Sonship, part 12: How Reuben lost the birthright of the firstborn
Sep 11, 2012
There is a third possibility concerning the legitimacy of Jacob’s disinheriting Reuben from the rights and privileges of the firstborn and that is the principle that the birthright can be forfeited for cause. Frankly, I can find nothing in the law to give that specific exception verbatim, but there are examples that it was done.
The first example is Jacob himself. He had obtained the birthright by trickery and deceit on the part of his mother and himself; but we need to also remember that Esau willingly
sold the birthright, and as the writer of the book of Hebrews puts it; Esau thus despised his birthright.
Furthermore, the 1840 version (not the 1829 version) of The Book of Jasher (available from our office, $17 ppd) gives the fascinating background concerning the circumstances of why Esau was so willing to give up the birthright. We do not hold the book of Jasher to be inspired, but that does not mean that it does not contain a lot of truth. So I tend to believe all the surrounding circumstances about just why Esau was so willing to sell it.
What did Esau have in his possession that he valued even more than the birthright? The answer is in Jasher. Regardless, the fact remains, that Esau legally sold it to Jacob, which was perhaps cause enough for it to legitimately belong to Jacob, his own deception of his father, Isaac, notwithstanding.
Now, if we accept the proposition that the eldest son can be disinherited for cause, for what good cause or reason was Reuben disinherited? The answer is in…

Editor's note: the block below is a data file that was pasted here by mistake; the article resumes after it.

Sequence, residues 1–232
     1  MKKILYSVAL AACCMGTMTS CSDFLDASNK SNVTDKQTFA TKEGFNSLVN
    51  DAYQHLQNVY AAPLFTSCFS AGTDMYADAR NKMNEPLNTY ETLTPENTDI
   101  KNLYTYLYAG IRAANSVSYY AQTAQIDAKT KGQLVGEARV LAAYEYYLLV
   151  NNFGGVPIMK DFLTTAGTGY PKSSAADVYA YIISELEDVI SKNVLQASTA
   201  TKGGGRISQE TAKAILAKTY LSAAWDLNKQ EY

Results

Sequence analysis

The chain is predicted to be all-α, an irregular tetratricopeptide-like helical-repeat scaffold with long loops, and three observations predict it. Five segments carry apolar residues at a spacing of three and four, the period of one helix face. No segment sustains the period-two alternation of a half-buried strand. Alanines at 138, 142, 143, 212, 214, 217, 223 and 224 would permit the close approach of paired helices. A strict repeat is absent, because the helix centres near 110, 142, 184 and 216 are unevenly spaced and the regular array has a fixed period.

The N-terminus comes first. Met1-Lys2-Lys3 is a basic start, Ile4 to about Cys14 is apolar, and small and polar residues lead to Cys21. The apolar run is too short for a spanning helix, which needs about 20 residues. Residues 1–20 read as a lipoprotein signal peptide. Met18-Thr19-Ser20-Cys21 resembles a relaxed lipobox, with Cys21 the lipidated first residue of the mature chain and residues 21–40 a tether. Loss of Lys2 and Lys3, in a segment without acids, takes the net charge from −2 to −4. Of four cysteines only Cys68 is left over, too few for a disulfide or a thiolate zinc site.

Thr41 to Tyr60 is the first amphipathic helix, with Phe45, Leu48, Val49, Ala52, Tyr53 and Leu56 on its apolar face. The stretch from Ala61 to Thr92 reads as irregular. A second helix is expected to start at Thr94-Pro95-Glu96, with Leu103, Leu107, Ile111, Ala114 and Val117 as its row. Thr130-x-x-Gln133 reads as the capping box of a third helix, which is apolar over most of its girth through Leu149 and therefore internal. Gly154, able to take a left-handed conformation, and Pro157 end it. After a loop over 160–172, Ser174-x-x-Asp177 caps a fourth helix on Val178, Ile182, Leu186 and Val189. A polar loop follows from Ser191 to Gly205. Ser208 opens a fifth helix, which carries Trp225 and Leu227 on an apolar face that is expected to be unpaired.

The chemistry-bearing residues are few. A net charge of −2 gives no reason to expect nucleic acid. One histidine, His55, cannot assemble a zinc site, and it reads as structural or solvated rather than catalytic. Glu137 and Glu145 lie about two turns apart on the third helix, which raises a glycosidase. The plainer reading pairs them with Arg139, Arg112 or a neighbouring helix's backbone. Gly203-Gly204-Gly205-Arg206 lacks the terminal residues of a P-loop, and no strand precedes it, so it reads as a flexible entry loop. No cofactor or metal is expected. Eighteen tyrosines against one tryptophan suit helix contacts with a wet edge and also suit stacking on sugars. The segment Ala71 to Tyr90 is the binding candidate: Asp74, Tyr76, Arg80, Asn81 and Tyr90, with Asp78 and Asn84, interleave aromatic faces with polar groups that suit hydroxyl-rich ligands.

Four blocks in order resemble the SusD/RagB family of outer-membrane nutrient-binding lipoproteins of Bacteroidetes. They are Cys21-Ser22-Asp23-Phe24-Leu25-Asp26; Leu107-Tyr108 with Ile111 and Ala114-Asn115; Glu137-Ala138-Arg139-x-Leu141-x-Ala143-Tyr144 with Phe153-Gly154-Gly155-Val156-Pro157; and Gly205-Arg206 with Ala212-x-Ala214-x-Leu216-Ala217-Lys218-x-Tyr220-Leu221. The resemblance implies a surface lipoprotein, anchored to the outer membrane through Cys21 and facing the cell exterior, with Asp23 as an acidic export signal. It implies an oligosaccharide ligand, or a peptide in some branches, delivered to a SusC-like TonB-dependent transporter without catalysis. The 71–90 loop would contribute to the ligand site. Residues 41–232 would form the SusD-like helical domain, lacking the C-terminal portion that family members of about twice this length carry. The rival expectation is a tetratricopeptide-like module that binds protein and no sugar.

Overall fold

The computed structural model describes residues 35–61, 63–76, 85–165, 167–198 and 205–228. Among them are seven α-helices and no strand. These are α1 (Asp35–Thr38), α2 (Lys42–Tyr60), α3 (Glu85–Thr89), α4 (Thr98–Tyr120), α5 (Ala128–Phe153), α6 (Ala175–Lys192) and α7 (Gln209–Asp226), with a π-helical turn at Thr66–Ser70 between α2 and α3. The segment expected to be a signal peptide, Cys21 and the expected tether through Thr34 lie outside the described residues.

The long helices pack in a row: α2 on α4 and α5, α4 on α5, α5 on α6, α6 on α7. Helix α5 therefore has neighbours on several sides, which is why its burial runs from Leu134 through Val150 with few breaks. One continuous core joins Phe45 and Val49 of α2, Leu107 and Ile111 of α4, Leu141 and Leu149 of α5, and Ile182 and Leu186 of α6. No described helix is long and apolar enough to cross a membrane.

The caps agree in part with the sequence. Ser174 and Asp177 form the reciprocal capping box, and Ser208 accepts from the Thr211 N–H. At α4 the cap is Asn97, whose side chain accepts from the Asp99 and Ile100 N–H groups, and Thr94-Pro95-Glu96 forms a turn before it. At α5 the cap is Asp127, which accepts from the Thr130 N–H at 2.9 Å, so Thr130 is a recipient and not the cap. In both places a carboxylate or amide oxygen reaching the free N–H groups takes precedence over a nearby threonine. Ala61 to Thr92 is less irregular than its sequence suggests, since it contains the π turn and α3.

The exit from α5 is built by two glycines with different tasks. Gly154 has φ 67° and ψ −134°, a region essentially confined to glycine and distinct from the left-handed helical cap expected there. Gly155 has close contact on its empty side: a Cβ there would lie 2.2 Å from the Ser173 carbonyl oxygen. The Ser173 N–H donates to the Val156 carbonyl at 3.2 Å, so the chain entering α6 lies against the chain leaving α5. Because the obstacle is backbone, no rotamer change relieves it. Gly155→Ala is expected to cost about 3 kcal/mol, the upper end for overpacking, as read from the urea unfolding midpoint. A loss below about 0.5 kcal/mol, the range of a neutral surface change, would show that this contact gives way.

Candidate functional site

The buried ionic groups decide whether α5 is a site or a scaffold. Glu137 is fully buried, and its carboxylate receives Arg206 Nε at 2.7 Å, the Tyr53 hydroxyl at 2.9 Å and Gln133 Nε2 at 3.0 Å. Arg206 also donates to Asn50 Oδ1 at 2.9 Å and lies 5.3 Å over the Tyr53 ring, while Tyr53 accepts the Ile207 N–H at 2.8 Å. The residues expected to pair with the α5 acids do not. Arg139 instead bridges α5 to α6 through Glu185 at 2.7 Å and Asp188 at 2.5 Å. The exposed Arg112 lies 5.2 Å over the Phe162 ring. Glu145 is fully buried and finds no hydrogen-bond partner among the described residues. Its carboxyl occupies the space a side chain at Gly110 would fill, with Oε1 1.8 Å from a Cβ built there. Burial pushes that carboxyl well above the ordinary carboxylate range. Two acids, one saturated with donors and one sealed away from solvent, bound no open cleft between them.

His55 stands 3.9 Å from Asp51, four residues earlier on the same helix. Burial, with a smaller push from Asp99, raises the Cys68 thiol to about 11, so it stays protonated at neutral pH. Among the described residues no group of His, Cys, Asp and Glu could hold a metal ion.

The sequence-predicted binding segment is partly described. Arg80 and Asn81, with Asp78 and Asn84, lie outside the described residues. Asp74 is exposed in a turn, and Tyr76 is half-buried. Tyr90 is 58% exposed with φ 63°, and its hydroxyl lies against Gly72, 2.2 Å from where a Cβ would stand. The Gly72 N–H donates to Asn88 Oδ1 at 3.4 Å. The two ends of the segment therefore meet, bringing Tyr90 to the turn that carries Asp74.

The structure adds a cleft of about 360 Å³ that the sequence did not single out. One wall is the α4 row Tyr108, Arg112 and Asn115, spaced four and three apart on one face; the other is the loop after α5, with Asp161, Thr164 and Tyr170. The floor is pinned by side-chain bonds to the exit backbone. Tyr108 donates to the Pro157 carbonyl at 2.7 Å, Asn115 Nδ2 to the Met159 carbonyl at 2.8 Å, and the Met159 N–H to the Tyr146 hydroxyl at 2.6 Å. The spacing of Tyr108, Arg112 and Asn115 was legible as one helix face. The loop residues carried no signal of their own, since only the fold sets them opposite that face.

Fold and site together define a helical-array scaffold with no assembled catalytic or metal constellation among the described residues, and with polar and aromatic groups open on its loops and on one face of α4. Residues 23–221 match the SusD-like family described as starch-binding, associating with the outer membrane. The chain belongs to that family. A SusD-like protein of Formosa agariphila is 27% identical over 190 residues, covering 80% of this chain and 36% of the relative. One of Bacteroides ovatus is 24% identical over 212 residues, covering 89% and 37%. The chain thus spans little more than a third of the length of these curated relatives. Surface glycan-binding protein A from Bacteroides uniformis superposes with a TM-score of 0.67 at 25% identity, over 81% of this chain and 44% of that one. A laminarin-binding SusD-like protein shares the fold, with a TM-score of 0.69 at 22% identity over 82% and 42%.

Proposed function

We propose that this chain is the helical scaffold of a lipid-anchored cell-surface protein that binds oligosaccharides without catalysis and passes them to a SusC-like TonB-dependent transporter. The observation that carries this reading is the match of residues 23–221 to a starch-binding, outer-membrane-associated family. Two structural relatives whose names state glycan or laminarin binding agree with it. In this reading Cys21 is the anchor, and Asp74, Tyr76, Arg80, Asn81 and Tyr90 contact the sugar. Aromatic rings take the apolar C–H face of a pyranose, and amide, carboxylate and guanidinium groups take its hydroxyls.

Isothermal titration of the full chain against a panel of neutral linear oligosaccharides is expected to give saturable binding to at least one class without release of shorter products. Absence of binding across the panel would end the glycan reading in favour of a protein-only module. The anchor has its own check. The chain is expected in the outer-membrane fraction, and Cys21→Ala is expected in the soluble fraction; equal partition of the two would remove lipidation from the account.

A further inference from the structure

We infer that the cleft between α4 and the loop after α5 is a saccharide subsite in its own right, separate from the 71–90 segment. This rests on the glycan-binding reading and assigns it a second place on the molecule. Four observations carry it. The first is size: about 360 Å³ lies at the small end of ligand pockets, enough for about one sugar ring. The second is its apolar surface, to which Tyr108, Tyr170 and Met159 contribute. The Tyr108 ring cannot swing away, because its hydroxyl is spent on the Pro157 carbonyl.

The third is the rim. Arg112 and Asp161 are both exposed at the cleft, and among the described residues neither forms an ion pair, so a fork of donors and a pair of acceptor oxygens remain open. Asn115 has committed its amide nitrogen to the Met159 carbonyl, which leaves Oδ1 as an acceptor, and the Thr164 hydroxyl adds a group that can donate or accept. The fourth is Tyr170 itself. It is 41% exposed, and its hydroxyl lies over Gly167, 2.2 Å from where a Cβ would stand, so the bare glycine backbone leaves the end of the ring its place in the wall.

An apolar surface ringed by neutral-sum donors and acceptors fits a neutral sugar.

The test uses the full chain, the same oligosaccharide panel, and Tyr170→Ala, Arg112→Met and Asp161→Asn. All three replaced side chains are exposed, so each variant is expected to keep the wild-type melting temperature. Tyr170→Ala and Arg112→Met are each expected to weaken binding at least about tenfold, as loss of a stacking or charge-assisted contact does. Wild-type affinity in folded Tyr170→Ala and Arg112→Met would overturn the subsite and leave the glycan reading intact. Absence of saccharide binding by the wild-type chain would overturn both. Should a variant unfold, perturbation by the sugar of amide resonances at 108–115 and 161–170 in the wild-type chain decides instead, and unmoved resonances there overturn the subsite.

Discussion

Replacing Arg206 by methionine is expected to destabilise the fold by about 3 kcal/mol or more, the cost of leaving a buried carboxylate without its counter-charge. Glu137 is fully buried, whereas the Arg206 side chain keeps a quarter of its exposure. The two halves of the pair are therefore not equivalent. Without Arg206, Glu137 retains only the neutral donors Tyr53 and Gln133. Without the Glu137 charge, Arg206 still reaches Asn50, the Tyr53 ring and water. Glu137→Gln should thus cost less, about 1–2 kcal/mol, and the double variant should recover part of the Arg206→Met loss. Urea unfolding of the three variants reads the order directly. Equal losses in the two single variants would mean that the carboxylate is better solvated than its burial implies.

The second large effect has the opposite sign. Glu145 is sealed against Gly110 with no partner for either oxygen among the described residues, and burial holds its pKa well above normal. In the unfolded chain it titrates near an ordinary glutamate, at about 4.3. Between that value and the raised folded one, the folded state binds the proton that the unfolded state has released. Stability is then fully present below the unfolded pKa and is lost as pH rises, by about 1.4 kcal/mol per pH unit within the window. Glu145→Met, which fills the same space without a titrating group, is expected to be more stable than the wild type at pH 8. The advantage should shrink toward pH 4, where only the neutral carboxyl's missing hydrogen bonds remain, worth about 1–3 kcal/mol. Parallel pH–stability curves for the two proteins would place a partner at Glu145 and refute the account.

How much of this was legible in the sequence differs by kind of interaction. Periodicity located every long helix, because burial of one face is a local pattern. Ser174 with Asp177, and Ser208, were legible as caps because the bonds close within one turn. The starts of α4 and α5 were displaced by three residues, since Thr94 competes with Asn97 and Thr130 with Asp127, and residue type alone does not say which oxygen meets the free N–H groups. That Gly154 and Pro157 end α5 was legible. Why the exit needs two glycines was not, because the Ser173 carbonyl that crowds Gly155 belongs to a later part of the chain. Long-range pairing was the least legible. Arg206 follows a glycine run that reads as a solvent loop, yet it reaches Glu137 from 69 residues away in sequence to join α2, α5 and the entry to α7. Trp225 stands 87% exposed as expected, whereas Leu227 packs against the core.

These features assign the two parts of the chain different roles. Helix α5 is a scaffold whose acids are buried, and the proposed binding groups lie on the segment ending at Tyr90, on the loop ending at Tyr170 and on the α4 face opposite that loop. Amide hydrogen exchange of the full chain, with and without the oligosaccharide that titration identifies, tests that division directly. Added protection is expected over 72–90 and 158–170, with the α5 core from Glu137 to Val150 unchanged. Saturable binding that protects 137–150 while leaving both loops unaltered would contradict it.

1 Chronicles 5:1 Now the sons of Reuben the firstborn of Israel, (for he was the firstborn; but, forasmuch as he defiled his father’s bed, ….
We will stop right there in the verse because that is the reason Jacob used to disinherit him. Then we would ask: How did he defile his father’s bed? The answer to that is in…
Genesis 35:22 And it came to pass, when Israel dwelt in that land, that Reuben went and lay with Bilhah his father’s concubine: and Israel heard it. …
Now let us return to 1 Chronicles 5 and pick up where we left off in the middle of the verse. I’ll re-read it…
1 Chronicles 5:1 Now the sons of Reuben the firstborn of Israel, (for he was the firstborn; but, forasmuch as he defiled his father’s bed, his birthright was given unto the sons of Joseph the son of Israel: and the genealogy is not to be reckoned after the birthright.
That last part is a bit confusing in the KJV. The meaning is more clear in the New American Standard version. Notice especially the last part of the verse:
NAU 1 Chronicles 5:1 Now the sons of Reuben the firstborn of Israel (for he was the firstborn, but because he defiled his father’s bed, his birthright was given to the sons of Joseph the son of Israel; so that he is not enrolled in the genealogy according to the birthright.
An even better rendering for that last phrase is found in the Ferrar Fenton Version. Concerning Reuben, it says that “…he is not recorded as the eldest”. Back to the KJV and verse 2 now.
1 Chronicles 5:2 For Judah prevailed above his brethren, and of him came the chief ruler; but the birthright
Here we have a split in the privileges of the birthright. The material blessings—the father’s estate—(also the future rights to the material blessings) went to Joseph and his descendants, but the authority of rulership and the priesthood for the household, and the concomitant dignity and royal pre-eminence of those privileges went to Judah and his descendants. We see that played out in history, for we know that from Judah came the line of kings, including the King of kings and the eternal High Priest, our Lord Jesus Christ.
Nonetheless, Joseph received the birthright per se; he received the double portion of his father’s estate. We will see this in more detail later. But here is that idea of progression again. First, the split occurred between brothers in one family. Then it occurs on an increasingly larger scale as the centuries of history unfold.
Therefore, this split was also a type, a foreshadowing which would be played out later on a national scale. When the children of Israel came back to Canaanland under Joshua, the land was divided up, Joseph’s sons, Ephraim and Manasseh, received a double portion of territory. But that’s not all. (To be continued.)
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